Republican Rep. Frank R. Wolf of Northern Virginia has an 11-point lead over his Democratic rival Ira M. Lechner, and is more popular with independent voters and federal workers than Lechner, according to a poll released yesterday.

The Associated Press/WRC-TV poll shows that Wolf, who swept into office two years ago with the Reagan landslide, has a 48-to-37 percent lead over Lechner, a former state legislator from Arlington, with 12 percent undecided.

Only 1 percent of the 270 likely voters polled last week said they would support someone else, indicating that the third candidate in the race, Libertarian Scott R. Bowden, has virtually no support.

The poll, the first released on the 10th District race, has a 7 percent margin of error. It shows Wolf with a narrow 42-to-39 percent margin among federal employe households, a major voting bloc in the affluent district that has the nation's largest number of active and retired government workers. Thirteen percent of those polled said they were undecided and 6 percent said they did not plan to vote.

Those results differ markedly from a poll in the neighboring 8th District, which shows former Democratic congressman Herbert E. Harris II with an 8-point lead over incumbent Rep. Stanford E. Parris. That poll showed Harris was far more popular with households containing federal workers than Parris.

Lechner said yesterday he was "very encouraged by the fluid aspect of the race." Bob Chase, a Wolf strategist, said the survey generally confirms the candidate's own polls showing Wolf is more popular with independent voters.

The AP poll shows voters sharply divided along party lines: 76 percent of Republicans and 73 pecent of Democrats are supporting their party's candidates, but Wolf holds a 2-to-1 lead among independents. Of the independents surveyed, 51 percent favor Wolf, 26 percent support Lechner and 21 percent are undecided.

"The fact is we have not delivered our message because I am a believer in late delivery," said Lechner. He said he plans to spend the final 19 days of the race doing that through direct mail appeals. "This poll shows how much more we can accomplish and how volatile this election is."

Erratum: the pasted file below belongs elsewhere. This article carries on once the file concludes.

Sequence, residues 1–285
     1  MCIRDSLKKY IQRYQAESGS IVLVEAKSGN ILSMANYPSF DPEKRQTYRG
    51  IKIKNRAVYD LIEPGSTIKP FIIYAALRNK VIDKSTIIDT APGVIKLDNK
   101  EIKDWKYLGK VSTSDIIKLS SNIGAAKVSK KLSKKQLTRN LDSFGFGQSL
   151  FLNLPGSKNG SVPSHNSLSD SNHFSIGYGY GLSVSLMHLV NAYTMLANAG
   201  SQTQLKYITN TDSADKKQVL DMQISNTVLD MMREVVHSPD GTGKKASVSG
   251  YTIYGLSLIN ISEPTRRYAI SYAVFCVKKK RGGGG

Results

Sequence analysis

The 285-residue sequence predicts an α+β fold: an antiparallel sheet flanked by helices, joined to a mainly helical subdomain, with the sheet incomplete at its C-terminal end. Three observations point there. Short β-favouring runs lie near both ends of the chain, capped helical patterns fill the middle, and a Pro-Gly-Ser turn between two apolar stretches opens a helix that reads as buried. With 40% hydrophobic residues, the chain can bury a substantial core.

Wolf's campaign manager, Tom Moor, agreed. "We've been saying all along this is a close race, it's always a close race in this district. Frank is going to be talking about his record and working very hard. We're not going to be complacent or take anything for granted," he said.

Recently Wolf's campaign, fearing that overconfidence might doom his chances, sent a letter signed by Wyatt B. Durrette Jr., a Fairfax lawyer who was defeated in last year's race for state attorney general. Durrette, who is regarded as very popular in Northern Virginia, wrote: "I'm deeply concerned that too many people are telling Frank Wolf that he's also a sure winner." Durrette warned that "Ira Lechner is working around the clock and has a cadre of union and liberal activists" working against Wolf.

"To call Wolf's a comfortable lead would be stretching it," said a spokesman for NBC News in New York, which conducted the poll for the AP and WRC-TV. "But these results are more typical than the Harris-Parris race: the incumbent is leading and Lechner probably doesn't have the same name identification Harris does."

The new polls indicate that Wolf may be more popular among members of his own party than Parris, although both are Reagan supporters with similar voting records. Among Republicans, 76 percent are supporting Wolf but only 65 percent are backing Parris.

The poll also suggests Lechner, a Washington labor lawyer with a liberal reputation, has not made the inroads among conservatives that Harris has. Among conservatives, who comprise about one-third of the sample, 31 percent say they are supporting Harris but only 12 percent favor Lechner.